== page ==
I thought about all of this tonight, as I sat at a blinking yellow light waiting to make a left turn, AFTER DARK no less, into my neighborhood. I found myself noticing how interesting that my home ends up requiring a *dangerous* left turn every single day. And guess what? I've been doing it for five years and I've got it down pretty well, left turn and all. Now that I think about it, I've been braving the tricky turns since I was a teenager, and here I am. We all do it, every day. And imagine what the world would be like if we didn't? If everyone just kept it simple and took the long way around, avoiding any risk or danger?

What a mess that would be.

5 comments:

Crazy MomCat said...

This was an awesome post! It made me think back to those days of driving with my Mom...which also always ended in me crying and her giving up. I passed my drivers test, but did fail the parellel parking portion. (Maybe you should teach me!)

Most of all, I love the left turn analogy because we all need to be reminded to go for those left turns now and then. It keeps life interesting. Safe is boring!

Babs said...

wow... he trusted you driving a stick, but not making a left turn?!?! I'm ashamed to say that I never learned how to drive a standard... so you done made me proud!

Crazy MomCat said...

me neither, Babs! Actually, my father-in-law taught me, but I never practiced after that so I'm sure I couldn't do it at all now.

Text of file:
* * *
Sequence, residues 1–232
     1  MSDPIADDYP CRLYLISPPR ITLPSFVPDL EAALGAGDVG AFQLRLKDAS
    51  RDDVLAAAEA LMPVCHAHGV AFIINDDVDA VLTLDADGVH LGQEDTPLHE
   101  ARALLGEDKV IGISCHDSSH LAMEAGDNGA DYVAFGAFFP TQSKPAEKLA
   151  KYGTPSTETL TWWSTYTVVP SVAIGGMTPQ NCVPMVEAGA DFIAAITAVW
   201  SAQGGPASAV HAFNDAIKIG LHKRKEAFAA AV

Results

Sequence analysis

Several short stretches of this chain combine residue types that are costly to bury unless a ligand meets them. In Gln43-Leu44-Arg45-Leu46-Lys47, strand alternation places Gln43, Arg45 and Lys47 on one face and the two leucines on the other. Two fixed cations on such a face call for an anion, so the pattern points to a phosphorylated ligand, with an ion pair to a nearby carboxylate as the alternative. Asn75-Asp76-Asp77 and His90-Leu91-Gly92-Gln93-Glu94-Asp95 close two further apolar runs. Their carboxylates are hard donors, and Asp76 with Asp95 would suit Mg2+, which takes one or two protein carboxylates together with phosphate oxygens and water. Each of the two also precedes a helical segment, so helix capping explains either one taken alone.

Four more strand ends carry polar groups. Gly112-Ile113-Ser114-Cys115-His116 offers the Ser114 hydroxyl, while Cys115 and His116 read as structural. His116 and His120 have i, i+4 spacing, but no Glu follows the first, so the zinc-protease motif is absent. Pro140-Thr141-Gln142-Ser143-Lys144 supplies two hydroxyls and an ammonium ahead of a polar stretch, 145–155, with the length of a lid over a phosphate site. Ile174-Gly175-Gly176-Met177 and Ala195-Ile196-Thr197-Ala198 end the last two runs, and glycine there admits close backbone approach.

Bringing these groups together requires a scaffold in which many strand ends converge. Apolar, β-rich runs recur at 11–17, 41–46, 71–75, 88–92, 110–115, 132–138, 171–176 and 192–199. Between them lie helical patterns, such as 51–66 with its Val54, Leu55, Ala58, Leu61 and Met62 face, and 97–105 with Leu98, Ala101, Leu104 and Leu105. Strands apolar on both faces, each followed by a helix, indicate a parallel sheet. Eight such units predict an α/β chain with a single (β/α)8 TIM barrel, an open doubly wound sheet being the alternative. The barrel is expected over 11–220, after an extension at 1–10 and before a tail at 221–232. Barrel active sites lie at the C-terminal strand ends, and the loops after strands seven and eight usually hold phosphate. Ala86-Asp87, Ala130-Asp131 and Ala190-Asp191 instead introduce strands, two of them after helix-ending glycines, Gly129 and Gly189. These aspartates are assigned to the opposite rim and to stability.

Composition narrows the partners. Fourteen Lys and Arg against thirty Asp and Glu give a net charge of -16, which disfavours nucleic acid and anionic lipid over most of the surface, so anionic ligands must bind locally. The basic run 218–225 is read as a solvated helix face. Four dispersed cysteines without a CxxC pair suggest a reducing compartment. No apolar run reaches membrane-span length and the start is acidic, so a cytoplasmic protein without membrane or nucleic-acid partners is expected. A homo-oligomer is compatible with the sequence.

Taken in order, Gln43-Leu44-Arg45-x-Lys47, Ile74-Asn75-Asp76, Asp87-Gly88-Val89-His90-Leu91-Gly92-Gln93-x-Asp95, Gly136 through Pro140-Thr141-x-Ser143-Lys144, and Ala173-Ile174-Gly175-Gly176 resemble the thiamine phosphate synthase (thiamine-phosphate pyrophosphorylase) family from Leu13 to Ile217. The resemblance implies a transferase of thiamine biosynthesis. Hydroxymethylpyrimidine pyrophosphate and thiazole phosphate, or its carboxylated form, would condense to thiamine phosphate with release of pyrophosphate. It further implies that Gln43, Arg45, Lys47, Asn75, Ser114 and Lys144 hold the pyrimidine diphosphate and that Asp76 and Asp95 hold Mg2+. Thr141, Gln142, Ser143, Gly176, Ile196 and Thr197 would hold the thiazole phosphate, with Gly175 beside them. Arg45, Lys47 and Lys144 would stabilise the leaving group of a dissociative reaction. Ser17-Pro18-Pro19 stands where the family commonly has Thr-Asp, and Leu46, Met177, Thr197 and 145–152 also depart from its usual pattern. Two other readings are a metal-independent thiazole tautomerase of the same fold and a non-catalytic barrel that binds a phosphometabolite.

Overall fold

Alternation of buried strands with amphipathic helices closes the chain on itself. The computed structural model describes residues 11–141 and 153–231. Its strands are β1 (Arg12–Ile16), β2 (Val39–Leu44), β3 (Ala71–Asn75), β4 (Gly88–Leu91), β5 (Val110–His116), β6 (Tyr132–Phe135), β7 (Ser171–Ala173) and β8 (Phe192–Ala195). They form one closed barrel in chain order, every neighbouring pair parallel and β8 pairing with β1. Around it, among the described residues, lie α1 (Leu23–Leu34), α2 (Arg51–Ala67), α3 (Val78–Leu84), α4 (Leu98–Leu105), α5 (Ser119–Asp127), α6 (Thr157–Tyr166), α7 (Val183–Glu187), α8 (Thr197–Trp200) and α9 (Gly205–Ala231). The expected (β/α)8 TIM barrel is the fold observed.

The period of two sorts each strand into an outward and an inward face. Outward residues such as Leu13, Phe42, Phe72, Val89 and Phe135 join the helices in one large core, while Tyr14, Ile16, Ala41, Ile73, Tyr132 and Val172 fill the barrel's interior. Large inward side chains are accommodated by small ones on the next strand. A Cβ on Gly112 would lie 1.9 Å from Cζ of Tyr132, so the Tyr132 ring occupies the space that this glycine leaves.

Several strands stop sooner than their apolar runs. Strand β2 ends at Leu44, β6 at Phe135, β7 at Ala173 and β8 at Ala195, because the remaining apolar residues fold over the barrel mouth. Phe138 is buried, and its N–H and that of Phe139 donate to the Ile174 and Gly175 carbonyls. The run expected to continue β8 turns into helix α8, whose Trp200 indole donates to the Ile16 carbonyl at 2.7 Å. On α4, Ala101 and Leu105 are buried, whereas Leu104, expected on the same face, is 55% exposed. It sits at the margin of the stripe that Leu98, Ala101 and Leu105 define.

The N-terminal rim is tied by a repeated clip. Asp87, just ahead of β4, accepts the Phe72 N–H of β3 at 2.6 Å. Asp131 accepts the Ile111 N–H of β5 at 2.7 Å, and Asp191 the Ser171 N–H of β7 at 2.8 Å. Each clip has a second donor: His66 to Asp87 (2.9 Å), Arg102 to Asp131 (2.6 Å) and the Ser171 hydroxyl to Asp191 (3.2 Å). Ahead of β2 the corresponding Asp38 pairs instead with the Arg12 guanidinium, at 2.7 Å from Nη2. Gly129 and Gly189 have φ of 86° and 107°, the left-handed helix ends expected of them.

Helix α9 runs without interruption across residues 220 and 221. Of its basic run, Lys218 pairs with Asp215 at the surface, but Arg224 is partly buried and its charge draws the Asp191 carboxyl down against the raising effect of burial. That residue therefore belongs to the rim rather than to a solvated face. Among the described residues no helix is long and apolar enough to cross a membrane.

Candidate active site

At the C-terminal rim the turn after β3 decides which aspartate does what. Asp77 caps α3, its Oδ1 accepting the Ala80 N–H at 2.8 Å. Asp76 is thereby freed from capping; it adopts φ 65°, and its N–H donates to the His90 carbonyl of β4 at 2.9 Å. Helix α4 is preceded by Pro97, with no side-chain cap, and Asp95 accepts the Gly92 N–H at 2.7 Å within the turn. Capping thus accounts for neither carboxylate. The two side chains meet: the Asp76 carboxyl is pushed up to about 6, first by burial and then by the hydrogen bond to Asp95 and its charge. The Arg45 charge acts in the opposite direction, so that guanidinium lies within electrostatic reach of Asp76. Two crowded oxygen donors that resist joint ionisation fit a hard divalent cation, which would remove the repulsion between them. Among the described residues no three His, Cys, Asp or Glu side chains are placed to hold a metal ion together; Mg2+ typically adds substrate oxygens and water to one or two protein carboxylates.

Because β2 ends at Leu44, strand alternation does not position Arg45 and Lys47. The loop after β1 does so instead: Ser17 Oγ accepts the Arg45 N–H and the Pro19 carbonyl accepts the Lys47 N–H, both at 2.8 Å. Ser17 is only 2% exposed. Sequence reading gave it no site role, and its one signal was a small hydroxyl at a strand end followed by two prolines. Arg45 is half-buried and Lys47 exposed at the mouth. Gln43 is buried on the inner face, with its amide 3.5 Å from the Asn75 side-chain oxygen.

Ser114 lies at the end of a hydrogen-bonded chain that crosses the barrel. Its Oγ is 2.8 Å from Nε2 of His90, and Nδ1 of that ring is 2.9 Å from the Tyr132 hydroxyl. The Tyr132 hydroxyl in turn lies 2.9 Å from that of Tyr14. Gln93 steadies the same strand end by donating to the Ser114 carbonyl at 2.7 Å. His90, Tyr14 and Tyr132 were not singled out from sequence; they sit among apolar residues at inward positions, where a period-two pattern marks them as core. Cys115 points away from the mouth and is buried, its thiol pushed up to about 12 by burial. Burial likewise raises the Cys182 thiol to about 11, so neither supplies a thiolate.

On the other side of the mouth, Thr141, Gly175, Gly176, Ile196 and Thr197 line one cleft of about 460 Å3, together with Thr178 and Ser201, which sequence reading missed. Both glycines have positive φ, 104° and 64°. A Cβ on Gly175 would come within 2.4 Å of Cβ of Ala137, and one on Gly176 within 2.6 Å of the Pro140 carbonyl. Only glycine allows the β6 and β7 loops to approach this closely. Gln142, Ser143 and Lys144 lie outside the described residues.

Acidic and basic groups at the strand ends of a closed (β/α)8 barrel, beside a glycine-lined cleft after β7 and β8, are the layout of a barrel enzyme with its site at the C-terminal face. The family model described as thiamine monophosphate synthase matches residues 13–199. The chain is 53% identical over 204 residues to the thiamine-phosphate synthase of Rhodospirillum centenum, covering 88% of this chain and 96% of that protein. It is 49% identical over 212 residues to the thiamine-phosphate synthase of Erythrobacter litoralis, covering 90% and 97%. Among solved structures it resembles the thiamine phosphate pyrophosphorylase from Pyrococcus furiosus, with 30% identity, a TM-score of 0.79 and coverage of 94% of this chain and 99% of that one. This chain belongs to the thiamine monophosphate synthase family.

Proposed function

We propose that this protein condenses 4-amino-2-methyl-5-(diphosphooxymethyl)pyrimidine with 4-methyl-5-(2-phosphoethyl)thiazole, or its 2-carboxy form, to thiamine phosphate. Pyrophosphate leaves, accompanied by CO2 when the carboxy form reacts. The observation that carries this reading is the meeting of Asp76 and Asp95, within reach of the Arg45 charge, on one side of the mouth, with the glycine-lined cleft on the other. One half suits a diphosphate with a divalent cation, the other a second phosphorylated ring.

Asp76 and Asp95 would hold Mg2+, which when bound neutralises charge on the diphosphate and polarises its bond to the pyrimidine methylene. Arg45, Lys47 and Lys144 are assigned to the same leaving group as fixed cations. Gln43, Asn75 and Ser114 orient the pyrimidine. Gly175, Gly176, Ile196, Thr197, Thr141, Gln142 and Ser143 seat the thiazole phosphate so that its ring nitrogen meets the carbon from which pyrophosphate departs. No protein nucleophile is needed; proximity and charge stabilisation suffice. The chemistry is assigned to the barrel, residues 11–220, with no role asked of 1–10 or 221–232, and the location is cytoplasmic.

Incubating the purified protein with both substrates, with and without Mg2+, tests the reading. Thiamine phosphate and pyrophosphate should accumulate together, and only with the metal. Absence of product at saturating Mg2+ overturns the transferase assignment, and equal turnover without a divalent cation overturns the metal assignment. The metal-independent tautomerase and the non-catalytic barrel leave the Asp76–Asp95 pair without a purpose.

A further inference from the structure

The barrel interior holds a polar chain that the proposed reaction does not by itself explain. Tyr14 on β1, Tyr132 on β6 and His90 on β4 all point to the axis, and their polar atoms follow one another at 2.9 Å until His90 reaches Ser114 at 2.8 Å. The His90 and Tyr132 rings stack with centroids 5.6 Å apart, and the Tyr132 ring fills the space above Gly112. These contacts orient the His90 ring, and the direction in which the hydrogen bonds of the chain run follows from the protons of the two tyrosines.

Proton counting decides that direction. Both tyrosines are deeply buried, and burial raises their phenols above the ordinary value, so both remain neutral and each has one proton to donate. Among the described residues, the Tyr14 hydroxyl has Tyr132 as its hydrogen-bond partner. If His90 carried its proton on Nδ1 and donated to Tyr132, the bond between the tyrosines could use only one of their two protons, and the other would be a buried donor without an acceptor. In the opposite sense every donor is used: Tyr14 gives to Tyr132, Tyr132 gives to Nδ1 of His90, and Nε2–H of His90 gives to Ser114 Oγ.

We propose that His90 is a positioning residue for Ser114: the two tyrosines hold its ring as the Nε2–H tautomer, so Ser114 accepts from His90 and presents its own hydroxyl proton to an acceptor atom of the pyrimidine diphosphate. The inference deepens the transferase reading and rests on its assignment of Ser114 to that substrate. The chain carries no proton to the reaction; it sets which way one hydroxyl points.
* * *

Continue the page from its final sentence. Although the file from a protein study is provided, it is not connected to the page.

Dipu said...

That reminds me of the day I "learned" to drive a stick. Babs probably remembers this too. Some 10, 11, 12 years ago, somewhere along there. Trish, Babs, and I went to lunch somewhere; Trish drove us in Brian's jeep because her car was in the shop. She'd hoped we could pick her car up after lunch, and with two cars and three drivers, that shouldn't be a problem, right? But. Neither her nor Brian's cars were automatics, and neither Babs nor I had ever driven a stick. So, it fell to me to learn on the fly. Trish somehow trusted me to drive her Cavalier back to her house even though all I knew were automatics. So Babs and Trish followed as I drove Trish's car. I think I killed it 3-4 times before I even left the parking lot. Then there was the scary incline at a stoplight. But somehow, I passed that one with flying colors. And I got Trish's car home safe.

That was a pretty nerve-wracking 15 minutes, let me tell ya. But I'm sure it helped a lot that Trish wasn't barking orders and imposing restrictions ... instead, she trusted me to figure it out. How's that for another life metaphor?

matthewstoryteller said...

Interestingly enough, I was driving years before I ever got behind the wheel of a car.
Growing up on a farm, I started driving tractors before I was old enough to reach the pedals. I used to have to slide off of the seat and stand up behind the steering wheel to reach the clutch and the brake.
When I got tall enough to reach the pedals, I started helping with the real work around the farm.
Imagine making that left turn through a gate barely wider than the massive set of double hay rakes you're pulling behind you.

Yes, indeed, I am a farming god!

And I think I told you about learning to drive a stick with my Grandpa while he had me careening through a rutted pasture at 50+ mph.

And then, of course, I graduated to to my mom's massive suburban, or as my brother and I used to call it, the party wagon.

It makes you wonder how any of us survived this long, eh?